How is thankfulness engendered? By giving thanks in all circumstances.
"We often have the idea of the feast appearing magically from the kitchen without labor. But the participatory aspect is the most important part of the feast."
My mother’s generation of women was raised to expect that families would depend financially on the husband’s income. My mother is lively and creative, and as a child she wanted to be a doctor—but women just didn’t do that. When her husband left her, her creativity and energy were channeled into supporting three children on the small income from a job initially intended to supplement the family’s welfare and provide a personal challenge.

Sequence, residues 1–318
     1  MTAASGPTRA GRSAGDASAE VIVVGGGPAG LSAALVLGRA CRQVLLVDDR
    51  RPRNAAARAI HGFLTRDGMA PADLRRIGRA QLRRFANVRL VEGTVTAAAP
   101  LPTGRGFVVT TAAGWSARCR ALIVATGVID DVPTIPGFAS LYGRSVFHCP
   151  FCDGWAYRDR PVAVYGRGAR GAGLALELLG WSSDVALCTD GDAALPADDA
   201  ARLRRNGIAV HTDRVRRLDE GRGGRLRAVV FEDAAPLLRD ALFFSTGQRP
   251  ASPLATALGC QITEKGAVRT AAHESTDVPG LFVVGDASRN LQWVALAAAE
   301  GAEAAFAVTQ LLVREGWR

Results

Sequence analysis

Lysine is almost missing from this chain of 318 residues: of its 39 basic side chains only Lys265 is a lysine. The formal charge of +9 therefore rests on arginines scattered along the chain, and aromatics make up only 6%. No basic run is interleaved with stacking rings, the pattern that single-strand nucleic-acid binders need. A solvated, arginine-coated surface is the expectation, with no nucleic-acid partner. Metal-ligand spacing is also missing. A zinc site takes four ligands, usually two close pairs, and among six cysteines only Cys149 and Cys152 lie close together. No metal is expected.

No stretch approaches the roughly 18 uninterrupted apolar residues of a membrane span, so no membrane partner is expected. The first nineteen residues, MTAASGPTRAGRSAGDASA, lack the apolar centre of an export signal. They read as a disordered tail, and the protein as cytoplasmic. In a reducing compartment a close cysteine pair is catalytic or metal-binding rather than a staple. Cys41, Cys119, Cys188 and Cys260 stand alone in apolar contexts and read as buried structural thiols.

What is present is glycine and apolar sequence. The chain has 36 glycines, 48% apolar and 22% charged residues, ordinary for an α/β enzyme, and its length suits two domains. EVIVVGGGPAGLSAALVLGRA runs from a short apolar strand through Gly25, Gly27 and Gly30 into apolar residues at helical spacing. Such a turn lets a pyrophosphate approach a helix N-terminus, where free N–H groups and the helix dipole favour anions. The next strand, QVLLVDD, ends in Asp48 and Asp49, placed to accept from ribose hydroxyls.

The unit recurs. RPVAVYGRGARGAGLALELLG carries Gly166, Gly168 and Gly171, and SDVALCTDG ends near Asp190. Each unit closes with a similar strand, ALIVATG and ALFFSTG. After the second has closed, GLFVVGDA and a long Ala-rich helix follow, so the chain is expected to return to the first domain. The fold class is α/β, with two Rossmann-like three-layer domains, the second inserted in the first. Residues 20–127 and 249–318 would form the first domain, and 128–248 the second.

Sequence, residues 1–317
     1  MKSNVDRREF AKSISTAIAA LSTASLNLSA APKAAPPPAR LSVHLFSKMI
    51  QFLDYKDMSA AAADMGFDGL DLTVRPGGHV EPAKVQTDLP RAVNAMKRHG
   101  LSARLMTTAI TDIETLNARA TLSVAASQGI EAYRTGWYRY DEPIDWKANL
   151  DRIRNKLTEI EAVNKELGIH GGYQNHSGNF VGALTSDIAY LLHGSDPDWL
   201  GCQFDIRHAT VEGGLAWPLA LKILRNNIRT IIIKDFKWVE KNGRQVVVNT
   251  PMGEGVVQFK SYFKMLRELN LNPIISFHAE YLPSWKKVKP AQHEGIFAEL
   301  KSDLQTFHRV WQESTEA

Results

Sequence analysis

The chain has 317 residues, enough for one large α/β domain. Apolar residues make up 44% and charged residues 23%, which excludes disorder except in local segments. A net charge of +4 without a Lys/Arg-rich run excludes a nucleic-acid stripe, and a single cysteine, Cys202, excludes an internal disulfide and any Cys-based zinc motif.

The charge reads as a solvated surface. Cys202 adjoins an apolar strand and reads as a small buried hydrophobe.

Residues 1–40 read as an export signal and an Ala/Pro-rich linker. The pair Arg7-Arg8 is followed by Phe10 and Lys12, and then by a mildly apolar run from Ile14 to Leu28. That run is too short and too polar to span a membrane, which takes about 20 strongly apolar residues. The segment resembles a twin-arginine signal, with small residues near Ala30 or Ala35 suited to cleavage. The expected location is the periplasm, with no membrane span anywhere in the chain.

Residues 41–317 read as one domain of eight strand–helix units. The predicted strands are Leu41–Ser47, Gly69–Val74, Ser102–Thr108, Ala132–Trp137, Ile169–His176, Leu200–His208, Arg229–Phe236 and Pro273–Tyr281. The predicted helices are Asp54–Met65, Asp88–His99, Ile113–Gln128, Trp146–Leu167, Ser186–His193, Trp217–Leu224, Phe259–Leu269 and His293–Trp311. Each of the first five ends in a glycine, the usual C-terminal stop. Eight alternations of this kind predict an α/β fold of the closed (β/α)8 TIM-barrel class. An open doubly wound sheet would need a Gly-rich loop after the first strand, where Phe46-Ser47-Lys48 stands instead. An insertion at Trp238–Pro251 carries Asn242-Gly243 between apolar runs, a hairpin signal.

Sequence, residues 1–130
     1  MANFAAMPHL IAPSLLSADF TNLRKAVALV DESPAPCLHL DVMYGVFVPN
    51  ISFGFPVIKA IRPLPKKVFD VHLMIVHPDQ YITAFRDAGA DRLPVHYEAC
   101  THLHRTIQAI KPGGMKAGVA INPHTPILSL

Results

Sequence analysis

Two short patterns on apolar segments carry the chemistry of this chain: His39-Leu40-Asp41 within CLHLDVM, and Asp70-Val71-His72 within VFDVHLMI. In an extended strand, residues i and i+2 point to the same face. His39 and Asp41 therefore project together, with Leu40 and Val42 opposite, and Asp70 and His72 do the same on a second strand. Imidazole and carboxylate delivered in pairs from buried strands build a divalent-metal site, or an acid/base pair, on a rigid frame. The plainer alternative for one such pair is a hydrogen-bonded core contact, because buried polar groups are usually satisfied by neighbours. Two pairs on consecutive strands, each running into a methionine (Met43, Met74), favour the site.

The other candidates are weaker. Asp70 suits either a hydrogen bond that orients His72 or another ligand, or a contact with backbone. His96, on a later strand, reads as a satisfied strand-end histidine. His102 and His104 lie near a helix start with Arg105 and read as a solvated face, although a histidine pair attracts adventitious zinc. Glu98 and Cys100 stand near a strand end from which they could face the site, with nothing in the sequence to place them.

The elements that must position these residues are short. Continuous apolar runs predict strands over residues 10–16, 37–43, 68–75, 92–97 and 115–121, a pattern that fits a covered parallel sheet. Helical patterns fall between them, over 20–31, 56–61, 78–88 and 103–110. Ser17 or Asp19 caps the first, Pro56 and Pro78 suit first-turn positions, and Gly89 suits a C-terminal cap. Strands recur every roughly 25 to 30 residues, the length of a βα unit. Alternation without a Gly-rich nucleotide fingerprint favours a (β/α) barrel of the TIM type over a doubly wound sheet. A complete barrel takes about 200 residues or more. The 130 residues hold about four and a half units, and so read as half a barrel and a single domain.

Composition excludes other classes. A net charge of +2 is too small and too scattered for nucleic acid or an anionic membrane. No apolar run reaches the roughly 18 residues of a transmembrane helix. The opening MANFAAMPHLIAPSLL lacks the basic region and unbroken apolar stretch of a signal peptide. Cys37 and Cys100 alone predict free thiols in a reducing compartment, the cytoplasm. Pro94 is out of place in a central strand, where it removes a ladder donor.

The church of my youth majored in a miserly view of God’s grace. Its message was grim. Life had no edge, no elegance and no joy, but was only a bitter temporal existence largely limited to preparations for the sweet hereafter. Our bleak church building reflected the theology: it was aptly situated in the Pacific Northwest with its endless days of dreary, overcast weather.